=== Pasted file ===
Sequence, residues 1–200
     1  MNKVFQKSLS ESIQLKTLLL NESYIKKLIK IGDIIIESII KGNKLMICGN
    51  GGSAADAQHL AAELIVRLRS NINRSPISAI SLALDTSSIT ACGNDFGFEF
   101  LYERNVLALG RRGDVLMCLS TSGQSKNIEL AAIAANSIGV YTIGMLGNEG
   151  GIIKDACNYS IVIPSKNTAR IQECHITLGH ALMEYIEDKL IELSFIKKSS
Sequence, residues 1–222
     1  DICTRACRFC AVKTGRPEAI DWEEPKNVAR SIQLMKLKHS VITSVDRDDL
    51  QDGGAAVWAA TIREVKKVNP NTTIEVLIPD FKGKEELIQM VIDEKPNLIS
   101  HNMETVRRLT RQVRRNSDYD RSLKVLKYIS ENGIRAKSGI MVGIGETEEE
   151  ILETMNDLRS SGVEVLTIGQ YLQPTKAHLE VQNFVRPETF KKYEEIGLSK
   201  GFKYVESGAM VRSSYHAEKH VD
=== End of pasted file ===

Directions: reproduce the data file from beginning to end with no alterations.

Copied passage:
Sequence, residues 1–200
     1  MNKVFQKSLS ESIQLKTLLL NESYIKKLIK IGDIIIESII KGNKLMICGN
    51  GGSAADAQHL AAELIVRLRS NINRSPISAI SLALDTSSIT ACGNDFGFEF
   101  LYERNVLALG RRGDVLMCLS TSGQSKNIEL AAIAANSIGV YTIGMLGNEG
   151  GIIKDACNYS IVIPSKNTAR IQECHITLGH ALMEYIEDKL IELSFIKKSS
Sequence, residues 1–222
     1  DICTRACRFC AVKTGRPEAI DWEEPKNVAR SIQLMKLKHS VITSVDRDDL
    51  QDGGAAVWAA TIREVKKVNP NTTIEVLIPD FKGKEELIQM VIDEKPNLIS
   101  HNMETVRRLT RQVRRNSDYD RSLKVLKYIS ENGIRAKSGI MVGIGETEEE
   151  ILETMNDLRS SGVEVLTIGQ YLQPTKAHLE VQNFVRPETF KKYEEIGLSK
   201  GFKYVESGAM VRSSYHAEKH VD